The size of the Iranian pet food market jumped two times in 2015, to nearly 700 metric tons and US$6 million, according to data from the local organization Persian Pet International (PPI). This trend may continue in 2016, following the lifting of international sanctions against the country over its nuclear program.
“Last year, the market size rose two times, even though we don’t have any major pet food producers in Iran,” said PPI manager Savis Anzani. “The market is almost fully accounted for with import supplies, primarily from Germany and Italy. At the same time, right now the country is not importing US and British pet food products from companies like Mars due to sanctions.” Current pet food market leaders in Iran include Royal Canin, German Bosch-Tiernahrung, Friskies, Turkish Tropical Pet, German Happy Pet, Italian Morando and German Animonda (see Figure 1).
Iran’s international pet food market is currently lacking in US and British brands due to international sanctions. A removal of those sanctions could significantly expand market options.
Within the next several years, international companies may increase supplies of pet food to Iran, as the rising number of pets and consumer shifts to dry pet food become major factors in the market’s growth. “Iran is a very young market for pet food production, as it actually has existed for only 10 years,” said Anzani. “Our citizens are mostly using homemade pet food to feed their animals, while [retail sellers] are trying to urge them to use more dry food.”
Currently, according to Anzani, Iran is an Islamic country with a low number of pets. According to official data, there are only 2 million cats and dogs per 70 million citizens. But that situation is about to change.
“The Iranian market can be considered one of the most promising in the world and, on the verge of lifting sanctions, we see the rise in interest from international companies in their presence here,” said Akbar Sailamy, representative of pet food shop Istgah, in Teheran. “In addition, the number of pets in the country has jumped almost 50% in the last seven years.”
According to PPI data, currently the Iranian market has production in different price segments with quite stable demand. Market leader Royal Canin has one of the most expensive pet food products, at a cost of 80,000 Iranian tomans (US$22.80) per kilogram. The cheapest pet foods amount to 19,000 Iranian tomans (US$5.40 per kilogram).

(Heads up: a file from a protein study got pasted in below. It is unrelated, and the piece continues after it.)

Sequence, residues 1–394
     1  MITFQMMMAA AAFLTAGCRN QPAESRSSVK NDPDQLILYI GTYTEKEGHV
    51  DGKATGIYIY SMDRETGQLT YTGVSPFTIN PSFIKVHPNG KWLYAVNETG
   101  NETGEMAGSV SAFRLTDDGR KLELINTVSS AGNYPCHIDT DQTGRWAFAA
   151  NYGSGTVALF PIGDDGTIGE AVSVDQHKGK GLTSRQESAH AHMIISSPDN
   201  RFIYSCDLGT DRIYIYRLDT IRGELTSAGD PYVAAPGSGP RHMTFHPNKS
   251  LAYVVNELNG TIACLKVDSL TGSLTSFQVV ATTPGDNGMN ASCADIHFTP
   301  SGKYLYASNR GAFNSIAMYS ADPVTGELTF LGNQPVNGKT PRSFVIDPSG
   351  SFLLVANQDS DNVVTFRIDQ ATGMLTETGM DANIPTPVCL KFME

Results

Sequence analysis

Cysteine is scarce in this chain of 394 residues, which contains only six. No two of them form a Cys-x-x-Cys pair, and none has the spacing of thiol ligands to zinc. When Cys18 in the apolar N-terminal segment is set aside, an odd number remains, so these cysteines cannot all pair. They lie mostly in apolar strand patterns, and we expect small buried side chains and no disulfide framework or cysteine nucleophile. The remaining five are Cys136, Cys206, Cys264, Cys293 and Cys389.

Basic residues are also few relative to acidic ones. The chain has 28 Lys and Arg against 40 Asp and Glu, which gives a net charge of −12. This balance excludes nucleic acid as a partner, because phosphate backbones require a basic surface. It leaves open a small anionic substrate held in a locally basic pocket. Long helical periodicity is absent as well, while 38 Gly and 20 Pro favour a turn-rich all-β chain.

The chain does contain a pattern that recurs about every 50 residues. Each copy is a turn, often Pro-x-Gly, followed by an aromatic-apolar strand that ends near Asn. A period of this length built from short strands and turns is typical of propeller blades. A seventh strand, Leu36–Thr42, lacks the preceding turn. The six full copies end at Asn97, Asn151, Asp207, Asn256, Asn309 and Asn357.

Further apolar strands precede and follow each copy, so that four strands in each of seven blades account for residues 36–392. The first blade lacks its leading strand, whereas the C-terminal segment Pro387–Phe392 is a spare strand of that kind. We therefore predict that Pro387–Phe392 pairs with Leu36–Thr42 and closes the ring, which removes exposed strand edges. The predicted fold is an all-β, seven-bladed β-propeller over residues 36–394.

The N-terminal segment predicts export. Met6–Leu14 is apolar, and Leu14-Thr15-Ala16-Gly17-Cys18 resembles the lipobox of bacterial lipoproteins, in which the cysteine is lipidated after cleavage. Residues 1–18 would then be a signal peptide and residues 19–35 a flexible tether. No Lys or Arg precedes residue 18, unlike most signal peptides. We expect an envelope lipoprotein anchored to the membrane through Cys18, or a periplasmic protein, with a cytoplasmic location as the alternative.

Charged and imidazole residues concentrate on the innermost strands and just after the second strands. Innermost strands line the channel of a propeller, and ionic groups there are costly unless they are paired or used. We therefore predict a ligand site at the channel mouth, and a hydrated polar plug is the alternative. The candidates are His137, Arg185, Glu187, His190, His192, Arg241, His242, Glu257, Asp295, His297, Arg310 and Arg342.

Representatives of the Industry and Business Ministry of Iran have confirmed the strong rise in pet food production over the last year. Approximate estimates from officials say that, given the current trends, the overall market’s size may jump to a least 2,000 metric tons by 2020 (see Figure 2).
Iran’s pet food market is small, but as with other developing markets in the industry, it’s growing. Current estimates put the market size at 2,000 metric tons by 2020.
With the lifting of sanctions in 2016, the Iranian market may get its first supplies of Eukanuba, Hills, Mars and other US and British pet food brands, but market participants say their prospects should be considered carefully. Because of citizens’ patriotism, most consumers are not ready to welcome American products on their grocery shelves.
Further market growth: The Middle East
According to an October 2015 Reportbuyer analysis of the Middle East pet food market, stable growth can be expected through 2020.
“Demand for pets for companionship is rising due to the growing trend towards the nuclear family,” says the report. “This, in turn, has significantly boosted demand for pet food in the region. Furthermore, increasing awareness among people regarding the health of pets is anticipated to fuel demand for pet food in Middle East.”
Dry dog food holds the majority share of the developing market, due to ease of handling and lower pricing, says the report. And in terms of trends within pet food overall, those products seen as healthier and more nutritious are the fastest-growing segment. “As people are getting more attached to their pets, they are becoming much more cautious about their pets’ nutrition,” says Reportbuyer, suggesting that even in the developing markets, pet humanization is a driving force for growth.
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